Doctors at Abbott Northwestern Hospital have had success treating brain aneurysms with new, thicker “Pipeline’’ stents that direct blood past the potentially deadly bulges in blood vessels in the brain. And they’re studying a spherical WEB stent that does the same for tricky aneurysms that form at the junctures of these vessels.

But an equally intriguing approach to brain aneurysms is being monitored at the Minneapolis hospital: Doing nothing.

Using a new assessment tool called “Phases” this year, interventional neuroradiologists at Abbott receive evidence-based guidance on whether to attack brain aneurysms or leave them alone.

The precise effect isn’t clear yet; next year researchers will compare patients from 2013 and 2015 to see whether the use of Phases changed outcome and procedure rates. But Abbott doctors are noticing.

“Our scheduling rates have gone down in 2015 and the mean size of the aneurysm treated has been higher,” said Dr. Josser Delgado, who treats aneurysms by threading catheters via the groin to blood vessels in the brain. “More patients are opting to enter our aneurysm surveillance program.”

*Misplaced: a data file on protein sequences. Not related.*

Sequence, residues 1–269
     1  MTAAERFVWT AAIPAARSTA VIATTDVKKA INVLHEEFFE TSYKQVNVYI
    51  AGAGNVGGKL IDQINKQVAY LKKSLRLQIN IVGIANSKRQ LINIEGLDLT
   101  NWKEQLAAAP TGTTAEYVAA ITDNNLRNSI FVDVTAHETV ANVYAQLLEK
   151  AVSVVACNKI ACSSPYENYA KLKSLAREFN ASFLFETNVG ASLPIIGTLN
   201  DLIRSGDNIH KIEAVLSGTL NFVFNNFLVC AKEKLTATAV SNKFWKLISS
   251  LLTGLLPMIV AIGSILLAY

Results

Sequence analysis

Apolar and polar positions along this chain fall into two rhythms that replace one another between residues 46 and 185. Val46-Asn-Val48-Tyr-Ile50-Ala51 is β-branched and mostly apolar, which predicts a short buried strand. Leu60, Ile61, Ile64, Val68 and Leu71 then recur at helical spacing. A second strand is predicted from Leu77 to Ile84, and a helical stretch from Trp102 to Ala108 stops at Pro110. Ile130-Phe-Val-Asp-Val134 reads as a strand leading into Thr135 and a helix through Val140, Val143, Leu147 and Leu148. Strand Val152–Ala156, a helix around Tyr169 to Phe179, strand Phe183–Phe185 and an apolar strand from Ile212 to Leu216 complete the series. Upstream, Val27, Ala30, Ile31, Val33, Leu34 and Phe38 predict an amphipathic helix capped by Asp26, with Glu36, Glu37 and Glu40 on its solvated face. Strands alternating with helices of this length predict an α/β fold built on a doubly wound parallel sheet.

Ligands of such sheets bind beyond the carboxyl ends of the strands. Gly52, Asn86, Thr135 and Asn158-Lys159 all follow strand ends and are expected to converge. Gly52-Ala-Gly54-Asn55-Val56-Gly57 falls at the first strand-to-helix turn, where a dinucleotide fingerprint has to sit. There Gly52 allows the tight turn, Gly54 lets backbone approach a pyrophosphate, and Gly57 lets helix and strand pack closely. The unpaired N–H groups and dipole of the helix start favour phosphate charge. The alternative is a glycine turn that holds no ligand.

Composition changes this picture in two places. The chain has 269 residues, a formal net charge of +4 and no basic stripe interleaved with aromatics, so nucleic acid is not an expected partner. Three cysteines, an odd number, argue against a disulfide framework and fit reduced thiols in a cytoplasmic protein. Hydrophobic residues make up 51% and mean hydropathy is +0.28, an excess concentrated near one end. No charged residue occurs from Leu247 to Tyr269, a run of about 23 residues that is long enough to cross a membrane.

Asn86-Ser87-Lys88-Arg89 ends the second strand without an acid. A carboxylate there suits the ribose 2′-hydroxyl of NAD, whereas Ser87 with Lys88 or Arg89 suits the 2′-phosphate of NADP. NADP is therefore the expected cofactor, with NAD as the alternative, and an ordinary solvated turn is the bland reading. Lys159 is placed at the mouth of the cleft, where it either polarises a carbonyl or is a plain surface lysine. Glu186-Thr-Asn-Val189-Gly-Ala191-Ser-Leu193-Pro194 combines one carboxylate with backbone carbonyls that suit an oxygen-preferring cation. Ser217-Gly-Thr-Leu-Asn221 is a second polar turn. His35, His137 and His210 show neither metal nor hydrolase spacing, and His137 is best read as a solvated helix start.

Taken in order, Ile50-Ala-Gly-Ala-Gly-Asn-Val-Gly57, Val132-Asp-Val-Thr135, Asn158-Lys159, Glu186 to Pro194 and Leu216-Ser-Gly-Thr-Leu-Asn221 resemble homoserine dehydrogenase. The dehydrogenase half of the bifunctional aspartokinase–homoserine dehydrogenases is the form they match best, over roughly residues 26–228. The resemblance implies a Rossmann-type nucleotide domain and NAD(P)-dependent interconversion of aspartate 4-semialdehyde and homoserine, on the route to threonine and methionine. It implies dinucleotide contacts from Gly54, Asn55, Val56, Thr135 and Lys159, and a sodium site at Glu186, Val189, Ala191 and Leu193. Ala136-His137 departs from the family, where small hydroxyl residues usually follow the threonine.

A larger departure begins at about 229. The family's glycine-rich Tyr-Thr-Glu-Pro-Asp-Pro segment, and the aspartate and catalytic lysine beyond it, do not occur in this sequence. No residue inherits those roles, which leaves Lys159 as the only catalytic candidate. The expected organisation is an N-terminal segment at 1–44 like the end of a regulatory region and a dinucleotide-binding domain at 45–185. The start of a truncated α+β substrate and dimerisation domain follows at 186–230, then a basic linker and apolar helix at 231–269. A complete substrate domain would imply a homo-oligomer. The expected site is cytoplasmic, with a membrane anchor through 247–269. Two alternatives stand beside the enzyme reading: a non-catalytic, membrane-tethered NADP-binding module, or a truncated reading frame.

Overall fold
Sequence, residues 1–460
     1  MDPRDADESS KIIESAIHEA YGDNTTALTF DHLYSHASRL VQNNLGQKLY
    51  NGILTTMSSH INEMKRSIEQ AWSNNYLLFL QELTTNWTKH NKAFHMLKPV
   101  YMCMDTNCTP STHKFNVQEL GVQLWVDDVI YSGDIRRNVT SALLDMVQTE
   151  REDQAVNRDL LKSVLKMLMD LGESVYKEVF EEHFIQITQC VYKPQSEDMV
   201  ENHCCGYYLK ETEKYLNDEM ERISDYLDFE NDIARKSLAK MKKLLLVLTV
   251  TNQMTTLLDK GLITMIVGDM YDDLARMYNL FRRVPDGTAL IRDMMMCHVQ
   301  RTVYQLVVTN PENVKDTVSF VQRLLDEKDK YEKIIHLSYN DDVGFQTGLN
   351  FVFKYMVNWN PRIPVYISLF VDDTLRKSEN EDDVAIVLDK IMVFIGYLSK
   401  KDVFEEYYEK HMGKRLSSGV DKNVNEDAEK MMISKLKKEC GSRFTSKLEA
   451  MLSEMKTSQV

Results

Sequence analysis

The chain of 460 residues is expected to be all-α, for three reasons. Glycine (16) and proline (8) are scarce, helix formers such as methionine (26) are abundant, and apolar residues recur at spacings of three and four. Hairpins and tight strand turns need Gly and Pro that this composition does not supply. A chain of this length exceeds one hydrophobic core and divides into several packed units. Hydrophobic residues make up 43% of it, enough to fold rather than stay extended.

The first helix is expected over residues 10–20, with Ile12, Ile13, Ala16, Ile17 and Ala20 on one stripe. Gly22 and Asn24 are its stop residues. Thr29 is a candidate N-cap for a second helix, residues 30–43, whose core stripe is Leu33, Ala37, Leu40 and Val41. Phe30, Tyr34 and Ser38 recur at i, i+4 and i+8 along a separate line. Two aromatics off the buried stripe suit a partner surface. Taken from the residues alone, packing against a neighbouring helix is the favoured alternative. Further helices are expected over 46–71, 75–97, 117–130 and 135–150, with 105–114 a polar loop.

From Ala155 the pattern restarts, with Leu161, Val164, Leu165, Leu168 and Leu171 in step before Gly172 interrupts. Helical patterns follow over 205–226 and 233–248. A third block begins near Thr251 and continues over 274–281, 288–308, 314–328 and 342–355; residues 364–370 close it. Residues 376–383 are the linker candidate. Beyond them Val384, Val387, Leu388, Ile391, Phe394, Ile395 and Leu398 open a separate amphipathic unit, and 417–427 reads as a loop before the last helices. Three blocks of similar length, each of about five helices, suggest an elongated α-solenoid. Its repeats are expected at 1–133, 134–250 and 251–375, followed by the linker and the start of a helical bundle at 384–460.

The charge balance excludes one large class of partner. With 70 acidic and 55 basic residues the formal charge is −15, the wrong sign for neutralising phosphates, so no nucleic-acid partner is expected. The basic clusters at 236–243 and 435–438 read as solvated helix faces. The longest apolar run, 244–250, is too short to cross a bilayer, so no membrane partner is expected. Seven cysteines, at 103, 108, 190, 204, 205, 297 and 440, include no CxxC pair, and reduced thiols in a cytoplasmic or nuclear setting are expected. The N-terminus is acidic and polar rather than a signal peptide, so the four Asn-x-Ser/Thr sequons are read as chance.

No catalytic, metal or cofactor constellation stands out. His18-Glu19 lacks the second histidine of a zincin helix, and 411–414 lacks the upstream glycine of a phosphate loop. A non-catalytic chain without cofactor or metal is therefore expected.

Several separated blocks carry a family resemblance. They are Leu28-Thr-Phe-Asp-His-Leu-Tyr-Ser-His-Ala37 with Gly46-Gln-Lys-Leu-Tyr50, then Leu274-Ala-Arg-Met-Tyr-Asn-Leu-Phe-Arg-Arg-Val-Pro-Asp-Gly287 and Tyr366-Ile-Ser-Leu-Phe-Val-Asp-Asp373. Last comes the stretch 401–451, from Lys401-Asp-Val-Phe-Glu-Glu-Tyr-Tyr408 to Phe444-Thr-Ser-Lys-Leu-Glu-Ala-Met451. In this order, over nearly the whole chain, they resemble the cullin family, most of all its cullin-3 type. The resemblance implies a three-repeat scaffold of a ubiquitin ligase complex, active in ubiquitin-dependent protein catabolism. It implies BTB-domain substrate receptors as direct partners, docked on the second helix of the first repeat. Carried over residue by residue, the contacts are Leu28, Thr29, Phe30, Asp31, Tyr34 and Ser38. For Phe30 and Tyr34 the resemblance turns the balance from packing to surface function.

A bulge on a brain vein is unwelcome; some patients who learn they have such a “time bomb” choose treatment even when they aren’t suffering symptoms. But the risk vs. benefit isn’t always clear.

An operation creates as much as a 2 percent risk of complications that includes stroke or brain bleeds. Odds of an untreated aneurysm rupturing within five years aren’t much worse for most patients.

“Most of them are not going to rupture when you look at the grand scheme of things,” Delgado said. “But if and when they rupture, the consequences can be pretty devastating.”

Phases predicts the five-year odds of a rupture, and is based on research examining rupture rates by patients’ ages and demographics. Combined with the new treatments, Delgado said aneurysm care is growing smarter and more effective.

Most treated aneurysms are filled from the inside with mesh coils, though some doctors still perform open surgeries to clip them off from the outside.

Stents such as Medtronic’s Pipeline system expand options, because some aneurysms with wider “necks” can’t be treated with older methods, Delgado said. “It’s allowed us to treat aneurysms that were not treatable before.”